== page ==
David Hallauer

David Hallauer

District Extension Agent

One of the forages that responded well to growing conditions last fall was broomsedge bluestem. You know the one: orange to bronze-colored native-looking grass, typically about two feet tall? In places where it has gotten a start, the end of the 2020 growing season gave it an opportunity to gain an even better foothold – and that’s not a good thing.

How does it ‘take over’ so successfully? In our cool-season forage systems, there are multiple reasons.

It’s a warm-season grass. When cool-season grasses slow growth in the heat of summer, broomsedge continues to thrive. If the cool-season forages are further slowed in their recovery by drought/overgrazing/etc, broomsedge can expand even further.

It likes low fertility. If soil tests are an indicator, many stands are low in phosphorous. Broomsedge likes that – brome/fescue do not – and it thrives in that environment?

Allelopathic chemicals in broomsedge play a role as well. Not only do they inhibit the growth of other plants, but they can affect nitrogen-fixing bacteria as well. That means clovers may have difficulty getting established, and plants, in general, might struggle to compete.

Cattle don’t like it. They might consume it to a degree early on when it’s young and tender, but it is a low quality forage that tends to be unpalatable as a general rule.

Control is often most successful by following a multi-year/multi-faceted effort. Next week, I’ll share more about management ideas to help combat broomsedge.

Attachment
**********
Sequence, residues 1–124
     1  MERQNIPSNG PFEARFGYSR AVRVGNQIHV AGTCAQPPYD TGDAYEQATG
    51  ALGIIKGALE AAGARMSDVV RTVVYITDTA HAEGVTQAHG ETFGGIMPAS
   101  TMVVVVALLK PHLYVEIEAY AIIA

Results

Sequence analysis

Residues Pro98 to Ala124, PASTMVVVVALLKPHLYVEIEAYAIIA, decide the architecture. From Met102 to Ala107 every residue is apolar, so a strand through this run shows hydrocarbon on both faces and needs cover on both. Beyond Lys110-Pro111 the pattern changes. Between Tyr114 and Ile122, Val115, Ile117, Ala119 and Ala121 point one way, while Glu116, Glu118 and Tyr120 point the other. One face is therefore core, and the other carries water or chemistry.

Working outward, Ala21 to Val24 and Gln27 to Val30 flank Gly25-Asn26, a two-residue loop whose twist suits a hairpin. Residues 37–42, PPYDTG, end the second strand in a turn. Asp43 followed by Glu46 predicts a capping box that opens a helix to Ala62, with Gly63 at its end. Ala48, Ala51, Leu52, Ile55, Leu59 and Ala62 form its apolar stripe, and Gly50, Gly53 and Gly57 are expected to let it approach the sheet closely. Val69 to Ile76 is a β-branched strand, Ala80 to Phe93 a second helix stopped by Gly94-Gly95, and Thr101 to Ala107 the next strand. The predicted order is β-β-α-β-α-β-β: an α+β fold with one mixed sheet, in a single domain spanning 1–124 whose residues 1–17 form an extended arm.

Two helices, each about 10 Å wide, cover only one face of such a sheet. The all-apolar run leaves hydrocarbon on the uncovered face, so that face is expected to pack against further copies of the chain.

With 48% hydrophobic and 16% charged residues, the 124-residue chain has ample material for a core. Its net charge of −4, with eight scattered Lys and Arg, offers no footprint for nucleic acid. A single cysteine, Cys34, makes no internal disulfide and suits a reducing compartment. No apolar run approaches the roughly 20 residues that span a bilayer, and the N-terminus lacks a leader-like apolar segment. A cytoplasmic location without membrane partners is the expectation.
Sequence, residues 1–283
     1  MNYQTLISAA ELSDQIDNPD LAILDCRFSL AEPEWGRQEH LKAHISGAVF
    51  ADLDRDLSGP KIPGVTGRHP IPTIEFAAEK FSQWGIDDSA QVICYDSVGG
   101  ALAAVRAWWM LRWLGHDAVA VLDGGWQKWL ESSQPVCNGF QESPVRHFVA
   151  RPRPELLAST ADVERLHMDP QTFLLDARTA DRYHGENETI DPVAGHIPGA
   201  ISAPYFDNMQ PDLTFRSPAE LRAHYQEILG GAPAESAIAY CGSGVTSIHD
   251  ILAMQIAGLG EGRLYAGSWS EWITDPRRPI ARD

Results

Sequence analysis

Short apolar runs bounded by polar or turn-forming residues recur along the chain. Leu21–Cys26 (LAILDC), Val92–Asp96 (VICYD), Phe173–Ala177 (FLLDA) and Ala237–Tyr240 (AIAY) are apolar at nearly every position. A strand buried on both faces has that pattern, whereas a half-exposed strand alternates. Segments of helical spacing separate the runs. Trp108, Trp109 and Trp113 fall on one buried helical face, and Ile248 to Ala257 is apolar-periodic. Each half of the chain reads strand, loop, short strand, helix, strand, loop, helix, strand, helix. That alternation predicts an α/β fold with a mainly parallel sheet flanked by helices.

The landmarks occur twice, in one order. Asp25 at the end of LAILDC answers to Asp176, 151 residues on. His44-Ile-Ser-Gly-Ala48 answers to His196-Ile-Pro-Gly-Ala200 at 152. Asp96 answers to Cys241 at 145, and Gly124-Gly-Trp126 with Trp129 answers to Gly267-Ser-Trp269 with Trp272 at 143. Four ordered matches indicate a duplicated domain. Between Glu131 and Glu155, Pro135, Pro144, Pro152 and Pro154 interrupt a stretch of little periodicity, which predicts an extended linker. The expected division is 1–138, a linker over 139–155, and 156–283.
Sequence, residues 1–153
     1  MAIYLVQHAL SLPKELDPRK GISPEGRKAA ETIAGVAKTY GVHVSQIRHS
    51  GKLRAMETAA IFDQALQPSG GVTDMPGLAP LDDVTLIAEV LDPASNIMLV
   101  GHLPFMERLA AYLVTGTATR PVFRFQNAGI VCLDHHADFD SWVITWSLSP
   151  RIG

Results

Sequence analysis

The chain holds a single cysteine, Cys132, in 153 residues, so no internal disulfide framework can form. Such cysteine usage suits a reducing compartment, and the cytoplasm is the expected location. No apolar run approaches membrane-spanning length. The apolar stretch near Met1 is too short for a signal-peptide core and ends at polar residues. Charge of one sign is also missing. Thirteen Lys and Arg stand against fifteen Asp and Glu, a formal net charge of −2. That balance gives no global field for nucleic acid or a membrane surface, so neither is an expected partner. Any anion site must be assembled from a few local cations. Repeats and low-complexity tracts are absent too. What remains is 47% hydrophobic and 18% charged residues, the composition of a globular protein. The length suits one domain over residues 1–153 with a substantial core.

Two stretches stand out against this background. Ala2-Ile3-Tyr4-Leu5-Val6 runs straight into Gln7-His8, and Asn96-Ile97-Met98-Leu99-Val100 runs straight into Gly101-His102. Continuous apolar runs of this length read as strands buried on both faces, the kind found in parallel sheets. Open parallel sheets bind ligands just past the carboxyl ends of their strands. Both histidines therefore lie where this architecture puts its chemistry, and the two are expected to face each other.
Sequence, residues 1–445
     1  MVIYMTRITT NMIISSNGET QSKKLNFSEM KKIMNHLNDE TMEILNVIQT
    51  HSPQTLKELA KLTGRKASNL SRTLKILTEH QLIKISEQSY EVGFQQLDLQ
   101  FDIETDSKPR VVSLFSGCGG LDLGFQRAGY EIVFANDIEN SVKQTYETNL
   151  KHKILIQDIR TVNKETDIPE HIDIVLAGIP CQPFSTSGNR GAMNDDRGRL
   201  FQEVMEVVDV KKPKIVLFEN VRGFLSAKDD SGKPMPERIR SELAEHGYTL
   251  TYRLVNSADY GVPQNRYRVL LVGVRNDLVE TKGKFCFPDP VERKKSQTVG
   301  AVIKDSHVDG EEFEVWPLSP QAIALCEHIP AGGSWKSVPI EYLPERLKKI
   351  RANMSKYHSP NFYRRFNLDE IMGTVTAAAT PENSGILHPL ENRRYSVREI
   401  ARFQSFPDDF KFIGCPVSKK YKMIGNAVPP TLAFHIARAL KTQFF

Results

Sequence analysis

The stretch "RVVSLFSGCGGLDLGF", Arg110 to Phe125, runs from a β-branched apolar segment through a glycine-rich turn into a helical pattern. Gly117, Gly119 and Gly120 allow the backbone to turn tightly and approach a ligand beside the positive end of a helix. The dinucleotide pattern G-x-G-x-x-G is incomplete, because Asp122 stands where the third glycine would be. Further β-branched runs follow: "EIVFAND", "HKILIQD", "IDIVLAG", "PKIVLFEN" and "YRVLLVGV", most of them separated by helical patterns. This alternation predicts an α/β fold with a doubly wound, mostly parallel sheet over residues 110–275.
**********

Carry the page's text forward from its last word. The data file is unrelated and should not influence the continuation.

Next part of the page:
Using Old Garden Seed

Tis the time of the year when a few nice days will get us thinking about gardening. It is time to, at the very least, start the planning process.

One of the things you can do now, even as days are short and temperatures cool, is take inventory of leftover seed. Has it been kept in a good location – cool, dark, dry? If so, most seeds will remain viable for three years or so. There are exceptions (carrot family seeds are typically shorter-lived…), but the correctly stored seed may still be good – saving you from purchasing more this year.

If you want to check saved seed to see if it’s still good, consider a relatively simple method that requires only a damp paper towel, plastic bag, and a little bit of time.

Moisten a paper towel with warm water and place ten seeds on it. Cover with a second moistened paper towel and roll them up. Place the rolled-up seeds/towels in a plastic bag with enough holes to allow for air exchange, but not so many that it will dry out quickly.

Place the bag in a warm location. The top of the refrigerator works well. Add water to the towels if they start to dry, then check for germination after one week. If seed has sprouted, count it as such and remove it. Do so again after week two. If eight of the ten seeds have germinated, you have an eighty percent germination rate. Now, you can start to determine if you need a new seed or not.

Clear as mud? Check out this video to see how to build your ‘germination kit’ on our Meadowlark Extension District Facebook page: https://fb.watch/2UhZ28aPUe/.

(0) comments

Welcome to the discussion.

Keep it Clean. Please avoid obscene, vulgar, lewd, racist or sexually-oriented language.
PLEASE TURN OFF YOUR CAPS LOCK.
Don't Threaten. Threats of harming another person will not be tolerated.
Be Truthful. Don't knowingly lie about anyone or anything.
Be Nice. No racism, sexism or any sort of -ism that is degrading to another person.
Be Proactive. Use the 'Report' link on each comment to let us know of abusive posts.
Share with Us. We'd love to hear eyewitness accounts, the history behind an article.